www.oecd.org/health Further reading in this series Obesity and the Economics of Prevention (2010) Ensuring Quality in Health Care (2010) Achieving Better Value for Money in Health Care (2009) Pharmaceutical Pricing Policies in a Global Market (2008) The Looming Crisis in the Health Workforce: How Can OECD Countries Respond? (2008) Related reading Health at a Glance 2009: OECD Indicators (2009)
Too many workers leave the labour market permanently due to health problems or disability, and too few people with reduced work capacity manage to remain in employment. This is a social and economic tragedy common to virtually all OECD countries. It also raises an apparent paradox that needs explaining: Why is it that the average health status is improving, yet large numbers of people of working age are leaving the workforce to rely on long-term sickness and disability benefits?
This report, the last in the OECD series Sickness, Disability and Work: Breaking the Barriers, synthesises the project´s findings and explores the possible factors behind the paradox described above. It highlights the roles of institutions and policies and concludes that higher expectations and better incentives for the main actors - workers, employers, doctors, public agencies and service providers - are crucial. Based on a review of good and bad practices across OECD countries, this report suggests a series of major reforms are needed to promote employment of people with health problems.
The report examines a number of critical policy choices between: tightening inflows and raising outflows from disability benefit, and promoting job retention and new hiring of people with health problems. It questions the need for distinguishing unemployment and disability as two distinct contingencies, emphasises the need for a better evidence base, and underlines the challenges for policy implementation.
In the same series Vol. 1: Norway, Poland and Switzerland (2006) Vol. 2: Australia, Luxembourg, Spain and the United Kingdom (2007) Vol. 3: Denmark, Finland, Ireland and the Netherlands (2008) Sweden: Will the Recent Reforms Make it? (2009) Canada: Opportunities for Collaboration (2010) www.oecd.org/els/disability
"Too much `red tape´!" is one of the most common complaints from businesses and citizens in OECD countries. Administrative simplification is a regulatory quality tool to review and reduce administrative and regulatory procedures. It has remained high on the agenda in most OECD countries over the last decade and continues to be so. Countries´ efforts to strengthen their competitiveness, productivity and entrepreneurship during the current recession have made simplification efforts even more urgent. Until now, efforts to reduce administrative burdens have primarily been driven by ambitions to improve the cost efficiency of administrative regulations, as these impose direct and indirect costs on regulated subjects. Many countries will finish their current projects over the next few years and must decide how to continue their efforts and how to make them more efficient. This report looks beyond 2010 and presents policy options for administrative simplification that are in line with current trends and developments. It provides policy makers with guidance on the available tools and explains common mistakes to be avoided when designing, undertaking and evaluating administrative simplification programmes.
Regional differences within OECD countries are often greater than those between countries and much inequality remains. This report explores what generates growth at the regional level. Based on in-depth econometric modelling and analyses, this report reframes the debate on regional policy and development, emphasising that opportunities for growth exist in all regions.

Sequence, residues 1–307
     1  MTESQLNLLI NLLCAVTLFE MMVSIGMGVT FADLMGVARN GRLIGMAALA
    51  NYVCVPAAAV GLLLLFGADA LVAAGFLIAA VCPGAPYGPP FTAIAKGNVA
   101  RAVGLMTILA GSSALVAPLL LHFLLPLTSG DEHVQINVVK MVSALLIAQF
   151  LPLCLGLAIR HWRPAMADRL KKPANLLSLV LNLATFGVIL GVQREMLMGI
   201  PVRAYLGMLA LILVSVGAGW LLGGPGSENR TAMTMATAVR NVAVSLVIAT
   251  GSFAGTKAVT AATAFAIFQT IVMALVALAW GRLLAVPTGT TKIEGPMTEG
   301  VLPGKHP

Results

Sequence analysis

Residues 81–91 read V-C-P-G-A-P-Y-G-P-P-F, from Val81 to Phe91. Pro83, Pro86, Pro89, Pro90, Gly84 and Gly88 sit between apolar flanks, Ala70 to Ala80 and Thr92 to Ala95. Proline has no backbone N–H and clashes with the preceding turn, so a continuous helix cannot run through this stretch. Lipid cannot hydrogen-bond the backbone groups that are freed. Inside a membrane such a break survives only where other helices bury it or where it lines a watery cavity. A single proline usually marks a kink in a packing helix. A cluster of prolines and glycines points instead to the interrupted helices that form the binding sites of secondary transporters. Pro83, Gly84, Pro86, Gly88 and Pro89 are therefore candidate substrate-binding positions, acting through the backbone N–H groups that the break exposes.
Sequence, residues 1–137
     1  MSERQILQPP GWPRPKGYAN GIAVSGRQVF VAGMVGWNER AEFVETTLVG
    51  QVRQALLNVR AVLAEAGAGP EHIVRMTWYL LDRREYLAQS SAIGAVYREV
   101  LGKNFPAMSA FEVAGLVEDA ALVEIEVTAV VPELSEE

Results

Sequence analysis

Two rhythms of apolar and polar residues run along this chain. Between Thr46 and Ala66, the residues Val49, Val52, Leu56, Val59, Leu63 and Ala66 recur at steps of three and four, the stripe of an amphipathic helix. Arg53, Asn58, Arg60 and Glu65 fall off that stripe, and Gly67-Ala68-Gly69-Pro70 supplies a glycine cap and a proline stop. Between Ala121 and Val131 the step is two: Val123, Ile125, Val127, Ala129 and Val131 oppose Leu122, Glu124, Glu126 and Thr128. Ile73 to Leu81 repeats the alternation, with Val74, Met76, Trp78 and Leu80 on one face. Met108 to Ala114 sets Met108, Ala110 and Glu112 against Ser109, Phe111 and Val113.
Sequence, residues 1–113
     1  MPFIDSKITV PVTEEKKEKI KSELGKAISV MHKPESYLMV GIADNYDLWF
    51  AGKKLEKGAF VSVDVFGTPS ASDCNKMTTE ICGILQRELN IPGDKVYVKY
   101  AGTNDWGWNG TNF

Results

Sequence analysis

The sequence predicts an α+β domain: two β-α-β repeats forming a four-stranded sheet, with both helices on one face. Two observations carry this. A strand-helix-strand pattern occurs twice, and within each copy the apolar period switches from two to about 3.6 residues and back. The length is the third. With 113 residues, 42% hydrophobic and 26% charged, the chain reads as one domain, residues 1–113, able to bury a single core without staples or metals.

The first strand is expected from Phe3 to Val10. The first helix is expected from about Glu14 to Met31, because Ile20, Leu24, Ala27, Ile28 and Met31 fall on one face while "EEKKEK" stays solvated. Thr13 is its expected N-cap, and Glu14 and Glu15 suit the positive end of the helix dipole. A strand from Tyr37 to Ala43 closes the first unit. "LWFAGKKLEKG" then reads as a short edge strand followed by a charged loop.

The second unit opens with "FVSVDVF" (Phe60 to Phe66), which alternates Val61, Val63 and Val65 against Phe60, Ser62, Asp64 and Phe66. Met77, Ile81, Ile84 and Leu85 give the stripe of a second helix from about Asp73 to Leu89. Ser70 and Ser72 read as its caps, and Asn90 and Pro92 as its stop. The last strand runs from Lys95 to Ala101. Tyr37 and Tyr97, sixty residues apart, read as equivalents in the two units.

Expecting substantial savings and improved public services - a trend further accentuated by the financial and economic crisis beginning in 2008 - OECD countries have invested in the development of e-government services over the past 10-15 years. However, despite the initial exceptional take-up, governments later saw low adoption and low use of e-government services which are still far from satisfactory today.
This report gives a broad description of the shift in governments' focus on e-government development - from a government-centric to a user-centric approach. It gives a comprehensive overview of challenges to user take-up of e-government services in OECD countries and of the different types of approaches to improving it. The monitoring and evaluation of user take-up are also discussed, including the existence of formal measurement frameworks. Good practices are presented to illustrate the different concrete approaches used by OECD countries.
China has made enormous progress in developing the modern legal and regulatory foundation for the market economy. The private sector is now the main driver of growth, and new laws have gone a long way toward establishing private property rights, competition, and mechanisms for entry and exit comparable to those of many OECD countries. At the same time important challenges remain, including further clarification of the scope of state ownership, reform of relations among central and local governments, firmer establishment of the rule of law, and strengthening of regulatory institutions and processes.
This review of China's regulatory system focuses on the overall economic context for regulatory reform, the government´s capacity to manage regulatory reform, competition policy and enforcement, and market openness. The review also examines the regulatory framework in the electricity, water and health care sectors. As for OECD countries, the review follows a multidisciplinary and highly interactive approach. A number of OECD instruments and policies are used in this assessment, although the review also takes into account the specific challenges faced by the Chinese authorities. The review includes a comprehensive set of policy recommendations.